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Positive Feedback ISSUE 73
may/june 2014


St. Vincent, St. Vincent
by John Acton


St. Vincent

.St. Vincent albums defy easy categorization, evincing many different styles, oftentimes within the same song. It's nearly impossible to discern musical influences, and when attempting to describe St. Vincent's sound to others, the best one can do is "quirky" or "brilliantly eccentric." However, even in the context of her ineffable style, St. Vincent, also known as Annie Clark, subtly yet unmistakably strikes out for new lyrical and musical territory on her latest self-titled release. The cover art provides some indication as to this shift in direction, with Clark depicted in futuristic-looking clothes and hair style, poised regally on a cold and austere plastic chair. The overall impression given is one of unapproachibility and separateness. 

Lyrically, Clark steps back from the introspective focus of her previous St. Vincent records and explores more general themes of isolationism. Ostensibly about a solitary sojourn into the desert, the lyrics to the lead-off track, "Rattlesnake," could just as easily be interpreted as an observation of our societal aloneness when Clark states, "the only sound out here is my own breath, and my feet stuttering to make a path. Am I the only one in the only world?" Clark couples this idea of being cut off from others with our culture's social-media-driven need for validation on "Digital Witness", stating "if I can't show it, if you can't see me, what's the point of doing anything?" In an indictment of our insulated and numb modern virtualistic reality, Clark bemoans society's so-called progress in "Every Tear Disappears," singing "call the 21st century, tell her give us a break" and "every tear disappears. Oh and what about the pain? Don't ask me how. I just know that it fades."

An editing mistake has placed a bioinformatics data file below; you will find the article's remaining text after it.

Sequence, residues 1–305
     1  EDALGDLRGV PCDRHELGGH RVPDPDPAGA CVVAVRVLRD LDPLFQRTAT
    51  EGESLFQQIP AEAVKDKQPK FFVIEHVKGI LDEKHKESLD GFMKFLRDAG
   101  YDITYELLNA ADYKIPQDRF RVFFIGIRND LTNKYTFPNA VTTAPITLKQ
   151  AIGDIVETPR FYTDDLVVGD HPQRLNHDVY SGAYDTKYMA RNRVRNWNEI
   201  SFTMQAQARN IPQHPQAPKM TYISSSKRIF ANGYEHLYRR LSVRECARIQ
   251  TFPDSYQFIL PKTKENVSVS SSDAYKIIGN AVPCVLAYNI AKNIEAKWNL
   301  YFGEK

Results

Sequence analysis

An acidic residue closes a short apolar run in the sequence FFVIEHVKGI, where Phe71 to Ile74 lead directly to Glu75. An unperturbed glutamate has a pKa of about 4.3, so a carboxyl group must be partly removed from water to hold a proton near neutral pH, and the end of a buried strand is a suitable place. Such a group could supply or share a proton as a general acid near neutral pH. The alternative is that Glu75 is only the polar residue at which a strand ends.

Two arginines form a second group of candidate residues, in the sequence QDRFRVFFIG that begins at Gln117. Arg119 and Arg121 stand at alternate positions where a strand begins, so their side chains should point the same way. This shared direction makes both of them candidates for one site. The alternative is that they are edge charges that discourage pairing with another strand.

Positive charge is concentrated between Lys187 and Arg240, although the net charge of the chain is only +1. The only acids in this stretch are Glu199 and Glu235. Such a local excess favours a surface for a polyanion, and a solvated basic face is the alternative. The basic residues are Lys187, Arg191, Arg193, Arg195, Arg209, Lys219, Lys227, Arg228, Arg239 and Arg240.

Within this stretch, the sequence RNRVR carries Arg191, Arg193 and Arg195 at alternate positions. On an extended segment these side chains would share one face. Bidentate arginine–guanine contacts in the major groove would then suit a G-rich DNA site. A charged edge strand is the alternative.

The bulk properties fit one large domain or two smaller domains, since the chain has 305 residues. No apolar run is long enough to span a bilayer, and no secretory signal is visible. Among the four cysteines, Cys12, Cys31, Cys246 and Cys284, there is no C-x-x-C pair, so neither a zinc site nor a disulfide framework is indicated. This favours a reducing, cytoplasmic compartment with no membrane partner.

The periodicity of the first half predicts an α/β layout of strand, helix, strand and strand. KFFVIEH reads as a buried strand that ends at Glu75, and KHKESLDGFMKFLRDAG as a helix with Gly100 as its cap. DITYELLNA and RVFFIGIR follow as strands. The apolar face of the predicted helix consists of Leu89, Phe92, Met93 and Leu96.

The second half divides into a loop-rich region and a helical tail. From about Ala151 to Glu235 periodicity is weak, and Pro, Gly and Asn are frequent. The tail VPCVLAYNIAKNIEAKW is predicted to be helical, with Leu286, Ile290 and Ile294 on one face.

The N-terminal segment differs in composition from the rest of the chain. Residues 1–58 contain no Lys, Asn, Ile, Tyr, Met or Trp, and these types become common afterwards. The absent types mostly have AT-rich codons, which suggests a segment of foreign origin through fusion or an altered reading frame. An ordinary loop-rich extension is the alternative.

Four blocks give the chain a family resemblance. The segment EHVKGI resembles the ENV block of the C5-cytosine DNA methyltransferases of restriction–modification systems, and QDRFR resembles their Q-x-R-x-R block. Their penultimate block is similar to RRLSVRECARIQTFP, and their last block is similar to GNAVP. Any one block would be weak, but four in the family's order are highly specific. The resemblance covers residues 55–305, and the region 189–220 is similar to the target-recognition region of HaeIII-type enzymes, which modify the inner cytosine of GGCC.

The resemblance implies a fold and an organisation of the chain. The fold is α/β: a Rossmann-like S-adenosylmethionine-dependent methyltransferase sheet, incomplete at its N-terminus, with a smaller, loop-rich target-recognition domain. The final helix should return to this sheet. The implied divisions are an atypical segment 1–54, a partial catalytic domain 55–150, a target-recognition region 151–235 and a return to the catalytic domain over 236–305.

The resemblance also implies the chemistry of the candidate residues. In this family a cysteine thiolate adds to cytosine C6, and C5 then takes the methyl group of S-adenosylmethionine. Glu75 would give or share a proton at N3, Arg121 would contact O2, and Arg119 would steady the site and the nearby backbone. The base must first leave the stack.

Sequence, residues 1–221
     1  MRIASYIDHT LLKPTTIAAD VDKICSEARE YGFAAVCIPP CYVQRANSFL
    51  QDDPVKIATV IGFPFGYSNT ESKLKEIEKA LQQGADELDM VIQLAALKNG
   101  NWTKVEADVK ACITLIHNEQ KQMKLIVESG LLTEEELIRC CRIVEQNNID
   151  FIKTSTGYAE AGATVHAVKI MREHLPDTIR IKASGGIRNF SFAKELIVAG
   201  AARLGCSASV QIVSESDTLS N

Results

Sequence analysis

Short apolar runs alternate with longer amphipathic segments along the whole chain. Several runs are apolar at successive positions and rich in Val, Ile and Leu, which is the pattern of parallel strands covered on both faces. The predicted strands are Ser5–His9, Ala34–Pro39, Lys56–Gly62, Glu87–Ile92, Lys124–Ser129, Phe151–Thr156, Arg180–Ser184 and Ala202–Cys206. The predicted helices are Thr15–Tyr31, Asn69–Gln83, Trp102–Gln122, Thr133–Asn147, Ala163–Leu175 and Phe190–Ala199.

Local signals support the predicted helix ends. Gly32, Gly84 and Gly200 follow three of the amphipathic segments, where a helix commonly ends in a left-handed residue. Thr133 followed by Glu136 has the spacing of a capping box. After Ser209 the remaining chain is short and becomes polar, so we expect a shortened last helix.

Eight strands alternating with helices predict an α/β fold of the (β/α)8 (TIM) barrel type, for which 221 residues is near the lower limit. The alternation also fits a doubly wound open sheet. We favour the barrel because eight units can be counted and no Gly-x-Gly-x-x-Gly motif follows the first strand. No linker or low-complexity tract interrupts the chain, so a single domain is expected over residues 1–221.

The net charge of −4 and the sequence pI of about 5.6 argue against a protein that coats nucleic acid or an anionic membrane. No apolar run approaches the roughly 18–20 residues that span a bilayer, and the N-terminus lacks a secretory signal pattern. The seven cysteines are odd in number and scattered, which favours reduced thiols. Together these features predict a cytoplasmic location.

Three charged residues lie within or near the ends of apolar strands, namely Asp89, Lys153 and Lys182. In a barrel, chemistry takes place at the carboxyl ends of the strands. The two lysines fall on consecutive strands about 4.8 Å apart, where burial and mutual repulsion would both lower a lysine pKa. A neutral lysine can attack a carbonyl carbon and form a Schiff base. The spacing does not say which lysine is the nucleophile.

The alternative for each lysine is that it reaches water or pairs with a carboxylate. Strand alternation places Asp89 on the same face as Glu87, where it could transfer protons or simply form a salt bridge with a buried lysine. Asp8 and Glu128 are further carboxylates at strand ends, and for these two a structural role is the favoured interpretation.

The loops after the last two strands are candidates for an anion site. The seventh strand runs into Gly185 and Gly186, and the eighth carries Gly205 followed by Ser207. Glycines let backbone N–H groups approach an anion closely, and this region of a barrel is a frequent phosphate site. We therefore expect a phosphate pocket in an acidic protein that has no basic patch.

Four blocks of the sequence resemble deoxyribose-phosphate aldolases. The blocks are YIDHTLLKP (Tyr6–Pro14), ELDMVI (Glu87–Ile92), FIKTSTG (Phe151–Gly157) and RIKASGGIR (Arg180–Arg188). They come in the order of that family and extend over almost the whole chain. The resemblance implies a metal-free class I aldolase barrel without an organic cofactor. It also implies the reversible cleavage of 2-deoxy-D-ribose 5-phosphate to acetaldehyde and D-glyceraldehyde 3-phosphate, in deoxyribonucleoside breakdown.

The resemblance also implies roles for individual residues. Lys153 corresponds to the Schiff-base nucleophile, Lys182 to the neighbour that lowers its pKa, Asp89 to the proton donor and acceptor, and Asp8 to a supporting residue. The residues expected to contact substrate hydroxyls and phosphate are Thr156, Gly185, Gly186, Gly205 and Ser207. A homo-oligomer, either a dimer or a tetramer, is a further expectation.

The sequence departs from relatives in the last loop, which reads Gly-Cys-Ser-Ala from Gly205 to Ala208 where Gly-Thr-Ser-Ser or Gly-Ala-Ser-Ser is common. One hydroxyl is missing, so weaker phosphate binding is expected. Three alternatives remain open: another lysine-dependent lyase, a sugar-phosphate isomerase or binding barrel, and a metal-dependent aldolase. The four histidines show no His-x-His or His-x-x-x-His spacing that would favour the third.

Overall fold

Juxtaposed against the jaded cynicism reflected in Clark's lyrics, the musical arrangements on St. Vincent are decidedly upbeat. Employing tighter, more beat-driven rhythms, Clark gives her fourth album a harder, yet more accessible groove-propelled feel. Dap Kings drummer Homer Steinweiss makes his presence known on every song, and while Bobby Sparks returns with keyboards and synths, it's Clark's fretwork that is upfront and center on every track, and any who doubt her chops need only witness her solo on "Rattlesnake." Never before has Clark wielded her guitar to such discordant and jarring effect, casting musical judgement upon her own lyrical message in "Regret," where she sings "I'm afraid of heaven because I can't stand the heights. I'm afraid of because I can't be left behind." Yet, weaving its way through the frenetic rhythms and complex instrumental interplay displayed in Clark's arrangements is a thread of haunting beauty, and this is most readily witnessed in the album's closer, "Severed Crossed Fingers," where the lyrical message of loss is accentuated by a sublime melody and some of Clark's most poignant singing.

Through four St. Vincent releases and her collaborative work with David Byrne, not only does Annie Clark not make a misstep, she continues to evolve and mature in the art of songcraft. While still early, I'm confident in naming St. Vincent one of the best albums of the year.

Formats: CD, LP, Download